REPORT: Americans struggling with ‘re-entry anxiety’ as summer approaches
COLUMBIA, S.C. (WIS) - After a year of isolation and strict regulations to stop the spread of COVID-19, the world is beginning to open back up again with eased mask requirements, social gatherings, and a feeling that summer 2021 may look more “normal” than last year.
However, according to a report from the American Psychological Association (APA), almost 50% of Americans say they feel anxious about resuming in-person interactions post-pandemic -- a new concerning trend that health experts are calling “re-entry anxiety.”
For some, this summer may come as a severe shock to the system, something Dr. Shilagh Mirgain, a UW Health distinguished psychologist, says isn’t surprising.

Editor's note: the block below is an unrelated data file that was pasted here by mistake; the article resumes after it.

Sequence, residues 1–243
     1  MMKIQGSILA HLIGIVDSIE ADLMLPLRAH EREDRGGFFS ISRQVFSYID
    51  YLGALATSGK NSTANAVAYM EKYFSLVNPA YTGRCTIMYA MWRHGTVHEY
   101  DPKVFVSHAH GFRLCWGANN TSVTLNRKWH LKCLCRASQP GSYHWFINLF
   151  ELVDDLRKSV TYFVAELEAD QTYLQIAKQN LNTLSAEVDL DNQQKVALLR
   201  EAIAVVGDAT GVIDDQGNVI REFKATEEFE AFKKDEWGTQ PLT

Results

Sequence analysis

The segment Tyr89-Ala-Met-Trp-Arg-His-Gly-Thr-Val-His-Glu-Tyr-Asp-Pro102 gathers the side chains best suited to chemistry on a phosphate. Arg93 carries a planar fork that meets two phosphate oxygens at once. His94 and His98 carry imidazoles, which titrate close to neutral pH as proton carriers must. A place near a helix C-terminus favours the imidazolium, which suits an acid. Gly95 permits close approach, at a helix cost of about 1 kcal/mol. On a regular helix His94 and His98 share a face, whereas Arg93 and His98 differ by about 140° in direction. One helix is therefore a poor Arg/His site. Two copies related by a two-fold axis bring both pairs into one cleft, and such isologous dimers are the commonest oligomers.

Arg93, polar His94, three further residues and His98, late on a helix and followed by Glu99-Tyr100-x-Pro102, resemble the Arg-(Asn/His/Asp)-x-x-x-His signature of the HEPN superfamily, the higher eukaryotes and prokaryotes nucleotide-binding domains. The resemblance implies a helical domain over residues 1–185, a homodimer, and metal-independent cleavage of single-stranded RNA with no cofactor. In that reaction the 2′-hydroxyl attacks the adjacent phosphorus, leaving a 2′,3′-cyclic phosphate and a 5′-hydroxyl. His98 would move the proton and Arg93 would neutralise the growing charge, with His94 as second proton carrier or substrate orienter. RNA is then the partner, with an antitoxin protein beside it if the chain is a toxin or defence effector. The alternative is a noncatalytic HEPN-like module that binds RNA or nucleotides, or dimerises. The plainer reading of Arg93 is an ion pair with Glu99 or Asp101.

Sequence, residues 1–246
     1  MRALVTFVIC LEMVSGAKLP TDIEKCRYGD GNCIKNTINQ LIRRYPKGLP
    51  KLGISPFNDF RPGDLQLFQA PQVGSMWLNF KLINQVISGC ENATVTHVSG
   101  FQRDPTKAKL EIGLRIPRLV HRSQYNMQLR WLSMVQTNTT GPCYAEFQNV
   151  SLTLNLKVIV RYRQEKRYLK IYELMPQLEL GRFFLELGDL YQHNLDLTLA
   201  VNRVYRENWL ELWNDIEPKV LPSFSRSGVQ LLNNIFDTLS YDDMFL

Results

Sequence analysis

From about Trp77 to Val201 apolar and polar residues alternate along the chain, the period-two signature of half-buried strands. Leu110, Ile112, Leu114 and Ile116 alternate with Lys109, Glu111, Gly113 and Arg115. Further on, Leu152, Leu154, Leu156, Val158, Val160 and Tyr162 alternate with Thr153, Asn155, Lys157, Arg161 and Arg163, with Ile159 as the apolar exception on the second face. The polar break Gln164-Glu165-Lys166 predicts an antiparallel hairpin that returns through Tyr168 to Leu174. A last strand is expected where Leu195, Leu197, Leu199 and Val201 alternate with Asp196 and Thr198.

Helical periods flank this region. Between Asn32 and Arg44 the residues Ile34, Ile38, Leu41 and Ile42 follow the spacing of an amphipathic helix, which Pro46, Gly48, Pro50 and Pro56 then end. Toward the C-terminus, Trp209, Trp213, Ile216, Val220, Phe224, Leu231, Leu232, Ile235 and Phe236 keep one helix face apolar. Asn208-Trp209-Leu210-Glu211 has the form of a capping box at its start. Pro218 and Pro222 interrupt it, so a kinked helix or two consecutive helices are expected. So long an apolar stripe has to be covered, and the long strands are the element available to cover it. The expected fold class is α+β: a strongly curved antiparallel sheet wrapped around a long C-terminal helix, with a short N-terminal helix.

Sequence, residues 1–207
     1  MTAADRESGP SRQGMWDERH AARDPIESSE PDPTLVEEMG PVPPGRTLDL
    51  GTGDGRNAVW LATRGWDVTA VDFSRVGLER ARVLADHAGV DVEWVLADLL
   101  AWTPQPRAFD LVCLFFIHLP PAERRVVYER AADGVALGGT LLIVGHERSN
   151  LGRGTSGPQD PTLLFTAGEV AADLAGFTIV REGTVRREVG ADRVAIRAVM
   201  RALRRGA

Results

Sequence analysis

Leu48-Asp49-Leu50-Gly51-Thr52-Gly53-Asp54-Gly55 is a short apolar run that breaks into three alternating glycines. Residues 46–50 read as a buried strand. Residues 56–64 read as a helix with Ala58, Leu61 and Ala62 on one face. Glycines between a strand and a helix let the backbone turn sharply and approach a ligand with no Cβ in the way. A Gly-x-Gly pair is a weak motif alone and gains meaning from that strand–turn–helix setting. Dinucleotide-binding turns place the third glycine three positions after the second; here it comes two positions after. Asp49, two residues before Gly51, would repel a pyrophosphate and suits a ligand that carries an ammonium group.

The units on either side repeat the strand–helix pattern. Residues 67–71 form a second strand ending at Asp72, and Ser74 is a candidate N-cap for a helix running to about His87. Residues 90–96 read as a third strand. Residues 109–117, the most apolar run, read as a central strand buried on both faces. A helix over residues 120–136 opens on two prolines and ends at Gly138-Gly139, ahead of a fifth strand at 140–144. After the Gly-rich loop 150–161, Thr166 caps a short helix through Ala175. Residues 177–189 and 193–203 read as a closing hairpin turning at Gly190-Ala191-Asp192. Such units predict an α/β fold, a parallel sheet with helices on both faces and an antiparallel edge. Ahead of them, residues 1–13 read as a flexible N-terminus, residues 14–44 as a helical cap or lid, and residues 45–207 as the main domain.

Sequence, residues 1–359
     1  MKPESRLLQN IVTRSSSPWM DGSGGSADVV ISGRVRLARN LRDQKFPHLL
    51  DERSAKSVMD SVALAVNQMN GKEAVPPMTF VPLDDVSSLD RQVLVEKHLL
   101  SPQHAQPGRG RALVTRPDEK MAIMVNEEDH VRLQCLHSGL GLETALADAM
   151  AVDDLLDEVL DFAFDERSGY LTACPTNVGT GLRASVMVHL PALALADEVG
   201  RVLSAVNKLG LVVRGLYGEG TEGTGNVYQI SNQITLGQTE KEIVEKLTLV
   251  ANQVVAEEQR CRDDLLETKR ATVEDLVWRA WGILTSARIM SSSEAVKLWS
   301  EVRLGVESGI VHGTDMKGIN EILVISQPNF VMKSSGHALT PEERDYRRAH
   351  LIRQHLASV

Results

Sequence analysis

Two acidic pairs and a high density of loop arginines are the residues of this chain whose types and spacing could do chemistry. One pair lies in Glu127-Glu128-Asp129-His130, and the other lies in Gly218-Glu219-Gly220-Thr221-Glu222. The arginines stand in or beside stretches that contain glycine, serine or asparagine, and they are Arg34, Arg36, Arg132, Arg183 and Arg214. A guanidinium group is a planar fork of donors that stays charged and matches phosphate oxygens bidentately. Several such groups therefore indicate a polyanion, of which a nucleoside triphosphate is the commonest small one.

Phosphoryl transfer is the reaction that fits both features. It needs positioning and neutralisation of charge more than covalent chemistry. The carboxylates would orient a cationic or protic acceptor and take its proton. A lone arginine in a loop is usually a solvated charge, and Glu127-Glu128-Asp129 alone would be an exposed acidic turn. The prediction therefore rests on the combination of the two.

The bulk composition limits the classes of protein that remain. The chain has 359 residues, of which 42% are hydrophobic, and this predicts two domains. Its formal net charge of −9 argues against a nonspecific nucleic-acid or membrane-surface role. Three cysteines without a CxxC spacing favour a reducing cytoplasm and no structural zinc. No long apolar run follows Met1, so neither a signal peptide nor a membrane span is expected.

“We have lost a lot of our social skills,” he said. “We are out of practice with that in-person interaction so it’s going to feel awkward, it’s going to feel weird... We are going to have some discomfort and unease, but we are not alone.”
Mirgain recommends that people begin to bring themselves back into social situations, but at their own pace and with people that respect various comfort levels.
“Most people are going to be experiencing this -- so give yourself some grace, give others the benefit of the doubt,” he said. “We are going to need to practice.”
The APA recommends those who are having trouble dealing with their anxiety seek the help of a licensed psychologist who can “help you identify the challenges and stressors that affect your daily life and find ways to help you best cope for improving your overall physical and mental well-being.”
Notice a spelling or grammar error in this article? Click or tap here to report it. Please include the article's headline.
Copyright 2021 WIS. All rights reserved.